Ryan Strome has never been in this position before.
The 28-year-old center is hurling toward unrestricted free agency for the first time in his nine-year NHL career. He said he doesn’t know what to expect, but that he does expect it to be weird to see his name on all the free-agent lists in the media should it get to that point. However, Strome is certain about one thing:
“My heart is here,” Strome said Monday during the Rangers’ breakup day at the MSG Training Center in Tarrytown. “I think the last four years, I’ve tried to pour everything into this thing, on and off the ice, as much as I could. Whatever happens, happens. I can’t predict the future. All I know is that I love these guys. I think we have some unfinished business and this team is destined for great things in the future.
“See what happens. It’s a little emotional, honestly. It’s a great group of guys. I hope there’s more.”
The Post’s Larry Brooks reported that Strome and his camp declined an offer from the Rangers during negotiations earlier in the season. Considering the cap crunch the Rangers will be under in years to come, president and general manager Chris Drury only has so much to offer Strome while also planning for the future contracts of other key players like Filip Chytil, Alexis Lafreniere and K’Andre Miller, who will all be restricted free agents after next season.
Strome pointed out that his longest deal was the three-year entry-level contract he signed with Garth Snow and the Islanders in October 2011, so he’s hoping for something a little longer than that after playing on back-to-back-to-back two-year deals.
And after making the jump from a 30-point player to a 50-point player, he deserves his payday. The question now is whether the Rangers can — or want — to afford it. Otherwise, the Rangers will be in the market for a second-line center this offseason.
“We talked a little bit, but I think both sides once we got a little closer [to the playoffs] we just focused on hockey,” he said. “I try not to be apart of it as much as possible. I think going through it as the player, you get information secondhand from your agent, then he calls the team and whatever. I feel like it’s best to stay out of it as much as possible. I feel like for me, it was a little bit harder to focus the more I was involved. So I tried to stay out of it a little bit.”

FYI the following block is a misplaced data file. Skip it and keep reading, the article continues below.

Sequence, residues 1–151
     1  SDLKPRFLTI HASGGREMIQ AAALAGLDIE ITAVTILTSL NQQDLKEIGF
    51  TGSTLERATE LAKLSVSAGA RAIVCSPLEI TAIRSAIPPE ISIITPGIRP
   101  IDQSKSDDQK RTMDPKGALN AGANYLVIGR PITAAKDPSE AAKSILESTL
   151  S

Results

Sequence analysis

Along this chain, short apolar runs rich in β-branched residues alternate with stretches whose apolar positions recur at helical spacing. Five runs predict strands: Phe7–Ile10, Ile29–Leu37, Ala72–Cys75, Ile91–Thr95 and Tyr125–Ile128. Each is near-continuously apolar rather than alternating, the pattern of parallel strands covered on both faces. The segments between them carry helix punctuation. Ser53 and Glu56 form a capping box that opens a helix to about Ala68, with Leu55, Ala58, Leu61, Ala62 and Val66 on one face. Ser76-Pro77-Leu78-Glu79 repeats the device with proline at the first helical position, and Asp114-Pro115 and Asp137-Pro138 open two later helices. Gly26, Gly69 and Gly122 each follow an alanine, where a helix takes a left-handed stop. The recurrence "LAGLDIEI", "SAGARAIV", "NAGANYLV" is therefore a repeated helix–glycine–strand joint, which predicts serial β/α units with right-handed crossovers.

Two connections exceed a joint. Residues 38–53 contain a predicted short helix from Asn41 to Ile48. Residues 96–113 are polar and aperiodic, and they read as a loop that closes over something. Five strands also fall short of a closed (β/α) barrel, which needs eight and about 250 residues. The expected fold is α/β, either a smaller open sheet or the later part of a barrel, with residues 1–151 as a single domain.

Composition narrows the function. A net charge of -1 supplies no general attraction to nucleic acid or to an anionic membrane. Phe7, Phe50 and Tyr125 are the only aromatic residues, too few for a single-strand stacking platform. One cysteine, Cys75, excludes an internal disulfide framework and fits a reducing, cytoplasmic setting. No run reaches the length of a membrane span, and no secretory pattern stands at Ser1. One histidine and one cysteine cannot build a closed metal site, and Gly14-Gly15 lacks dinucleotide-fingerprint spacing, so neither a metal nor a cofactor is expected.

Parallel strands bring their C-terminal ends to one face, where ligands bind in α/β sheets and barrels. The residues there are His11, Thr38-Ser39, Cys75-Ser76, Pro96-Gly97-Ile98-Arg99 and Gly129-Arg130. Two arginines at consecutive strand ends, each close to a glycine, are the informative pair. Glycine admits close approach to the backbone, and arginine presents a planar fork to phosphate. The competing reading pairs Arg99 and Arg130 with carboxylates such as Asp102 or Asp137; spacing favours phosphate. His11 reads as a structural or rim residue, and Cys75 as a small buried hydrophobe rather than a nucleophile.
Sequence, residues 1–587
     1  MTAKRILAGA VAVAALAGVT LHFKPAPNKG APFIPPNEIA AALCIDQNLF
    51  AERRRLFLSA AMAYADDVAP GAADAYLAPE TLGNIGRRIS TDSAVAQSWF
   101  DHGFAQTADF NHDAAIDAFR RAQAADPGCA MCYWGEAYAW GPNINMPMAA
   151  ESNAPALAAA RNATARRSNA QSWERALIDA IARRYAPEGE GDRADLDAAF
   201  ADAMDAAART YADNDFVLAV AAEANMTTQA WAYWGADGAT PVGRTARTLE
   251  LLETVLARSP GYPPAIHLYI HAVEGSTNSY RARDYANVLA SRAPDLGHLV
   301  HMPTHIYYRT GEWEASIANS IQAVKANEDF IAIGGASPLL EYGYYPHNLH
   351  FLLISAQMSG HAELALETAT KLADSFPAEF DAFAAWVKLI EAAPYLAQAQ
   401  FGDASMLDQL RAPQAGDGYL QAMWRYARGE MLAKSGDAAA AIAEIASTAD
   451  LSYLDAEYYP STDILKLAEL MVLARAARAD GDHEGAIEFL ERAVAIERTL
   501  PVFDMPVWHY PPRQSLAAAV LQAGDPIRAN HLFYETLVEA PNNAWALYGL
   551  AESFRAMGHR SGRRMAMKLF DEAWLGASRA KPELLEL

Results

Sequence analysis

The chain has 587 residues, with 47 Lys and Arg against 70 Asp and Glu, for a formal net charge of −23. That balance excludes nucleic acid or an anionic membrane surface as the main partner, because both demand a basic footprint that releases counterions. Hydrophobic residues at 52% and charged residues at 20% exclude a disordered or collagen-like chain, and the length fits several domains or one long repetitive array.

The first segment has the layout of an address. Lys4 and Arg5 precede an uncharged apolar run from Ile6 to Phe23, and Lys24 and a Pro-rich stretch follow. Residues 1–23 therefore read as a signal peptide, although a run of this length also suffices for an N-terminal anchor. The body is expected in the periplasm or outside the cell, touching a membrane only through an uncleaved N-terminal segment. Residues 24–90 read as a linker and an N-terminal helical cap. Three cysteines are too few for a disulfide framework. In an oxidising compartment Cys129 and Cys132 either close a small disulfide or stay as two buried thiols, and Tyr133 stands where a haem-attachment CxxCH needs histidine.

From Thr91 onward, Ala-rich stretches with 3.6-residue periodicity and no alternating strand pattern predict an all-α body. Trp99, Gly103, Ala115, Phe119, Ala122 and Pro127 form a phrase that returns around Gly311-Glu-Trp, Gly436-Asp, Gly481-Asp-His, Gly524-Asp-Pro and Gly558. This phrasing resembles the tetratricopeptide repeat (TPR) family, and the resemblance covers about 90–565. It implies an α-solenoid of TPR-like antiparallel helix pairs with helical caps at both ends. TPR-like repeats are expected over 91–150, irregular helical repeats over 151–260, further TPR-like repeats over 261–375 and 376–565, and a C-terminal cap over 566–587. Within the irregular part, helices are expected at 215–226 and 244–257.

In declining the Rangers’ initial offer, which is believed to have had a cap hit ranging from $5.25 million-$5.5 million, Strome took a chance on himself going into the postseason. He ultimately scored two goals and dished out seven assists in a playoff performance that could’ve used some more production if upping his price tag was the goal.
Strome did reveal that he played through a pelvis injury for half of the regular season and most of the playoffs. He said he’ll find out if he needs a core-muscle-type surgery on Tuesday, but he doesn’t think his rehab will carry over into next season. He added that he’s never dealt with this kind of injury, which he said started in the second half of the year and gradually got worse.
Asked if the uncertainty of his future factored into his mindset that he had to play in the Rangers’ season-ending Game 6 loss to the Lightning, Strome said he didn’t think so.
“I think I did a good job of not thinking about that as much as possible,” he said. “I would never make a decision, one way or another, based on if I had a contract or if I didn’t. It was about this group of guys.”
Throughout his four seasons with the Rangers, Strome was an integral part of the leadership core. He brings a lot to the team camaraderie and has preexisting chemistry with one of the team’s most important players, Artemi Panarin, which are traits that can’t be bought elsewhere.
But as every NHL player points out, it’s still a business. What the Rangers want and what Strome wants may not align. Time will tell. But Strome is still certain about one thing:
“My first choice is to be a New York Ranger,” he said. “I think I’ve given them the indication that that’s my feeling. And if that’s not the case, then we’ll cross that bridge when it comes to it. I don’t really know what to expect. I’ve never been through it. I have no idea.”